Proverbs teaches us that planning is not just a practical issue, but a spiritual one. If we want to grow spiritually, we’d better plan faithfully. This means planning time for bible reading, prayer time, giving, serving, and community. Of course, life is full of unexpected twists and turns, and plans often get altered and need to be revised, but if we neglect to plan altogether, we are unlikely to achieve the spiritual growth we desire.


Hasty planning often comes as the child of lack of planning. When plans aren’t made well, we end up scrambling when time is short. 

    The plans of the diligent lead surely to abundance,
but everyone who is hasty comes only to poverty. -Proverbs 21:5 (ESV)

Having a clear, Godly plan for life, provides us with clear direction in life. It also provides us with guardrails and guidelines for important decisions and right prioritization. 

To start, it’s helpful to assess and list out your main roles and priorities in life. As Christians, our priorities should look something like this: 1. Christian 2. Spouse (if applicable) 3. Parent (if applicable) 4. Vocation 5. Community, etc. 

Once we’ve listed these out, we can overlay them on our current schedule and activities and ask ourselves some tough questions: Do my current calendar commitments and habits align with our priorities? Does the way I spend my time, money, and energy reflect my values and convictions? We may come to realize that there are changes that need to be made, but by taking the time to clearly map out our priorities, we can now make the right changes, establish proper guardrails, and plan accordingly.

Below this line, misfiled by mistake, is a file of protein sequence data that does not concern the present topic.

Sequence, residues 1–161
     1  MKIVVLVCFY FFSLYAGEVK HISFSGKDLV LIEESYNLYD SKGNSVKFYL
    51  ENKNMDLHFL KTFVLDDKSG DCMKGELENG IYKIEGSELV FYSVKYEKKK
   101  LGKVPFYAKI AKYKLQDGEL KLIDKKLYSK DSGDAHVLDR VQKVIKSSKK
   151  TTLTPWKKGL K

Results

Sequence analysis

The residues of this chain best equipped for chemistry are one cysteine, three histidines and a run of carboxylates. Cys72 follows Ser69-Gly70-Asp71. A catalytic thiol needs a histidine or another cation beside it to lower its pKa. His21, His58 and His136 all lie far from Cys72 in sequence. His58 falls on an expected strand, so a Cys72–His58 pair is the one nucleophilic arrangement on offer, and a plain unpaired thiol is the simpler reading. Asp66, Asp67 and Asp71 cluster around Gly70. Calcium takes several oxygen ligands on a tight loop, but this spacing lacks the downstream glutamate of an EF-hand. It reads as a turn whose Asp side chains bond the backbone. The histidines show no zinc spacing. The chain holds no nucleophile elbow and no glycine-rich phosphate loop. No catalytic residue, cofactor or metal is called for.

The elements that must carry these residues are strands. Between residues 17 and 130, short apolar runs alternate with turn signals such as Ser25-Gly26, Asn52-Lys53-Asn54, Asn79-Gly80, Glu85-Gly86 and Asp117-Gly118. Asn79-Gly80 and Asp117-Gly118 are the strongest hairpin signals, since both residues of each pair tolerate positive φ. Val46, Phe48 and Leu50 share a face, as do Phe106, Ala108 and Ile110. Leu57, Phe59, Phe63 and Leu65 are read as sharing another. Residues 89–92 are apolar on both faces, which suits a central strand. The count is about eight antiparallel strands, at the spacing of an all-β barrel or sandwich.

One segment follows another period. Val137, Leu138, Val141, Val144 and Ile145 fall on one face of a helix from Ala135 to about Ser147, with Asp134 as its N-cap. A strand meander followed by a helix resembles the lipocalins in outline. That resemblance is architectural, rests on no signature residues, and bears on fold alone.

Alternatively, if we fail to thoughtfully consider our priorities and plan in line with them, we’re forced to be reactive instead of proactive, responding to the urgent instead of prioritizing the important, and as a result our plans will be made in haste. 


Many of you reading this who are not naturally planners may be quick to point to Proverbs 27:1 where Solomon tells us “Do not boast about tomorrow, for you do not know what a day may bring” (ESV). What is he saying here? Is planning in itself a bad thing? No, but there is a real danger in misplaced confidence - putting our trust in the wrong things. As we make plans, we must ask ourselves: are we relying on our own abilities, strength, and wisdom, or are we grounding our confidence in God?

Many are the plans in the mind of a man,
but it is the purpose of the LORD that will stand. (Proverbs 19:21, ESV)

When we remember who is ultimately in charge of all plans, we are then able to plan rightly:

-With humility before God, recognizing that we have very little control, and unforeseen changes can arise at any moment.

-With dependence on God, who alone possesses supreme power, control, authority, and dominion over all things. We can rely on him completely in every season of life.

-In submission to God, Lord, help me to heed your instruction in the scriptures to plan wisely and diligently. When my plans get altered or diverted, help me to trust you, follow you, and submit to you.

-With hope in God, who is sovereign, and also good. For those in Christ, we get to call him Father, and as his kids we can have great assurance that his love, goodness, faithfulness, attention, care, and provision is unending.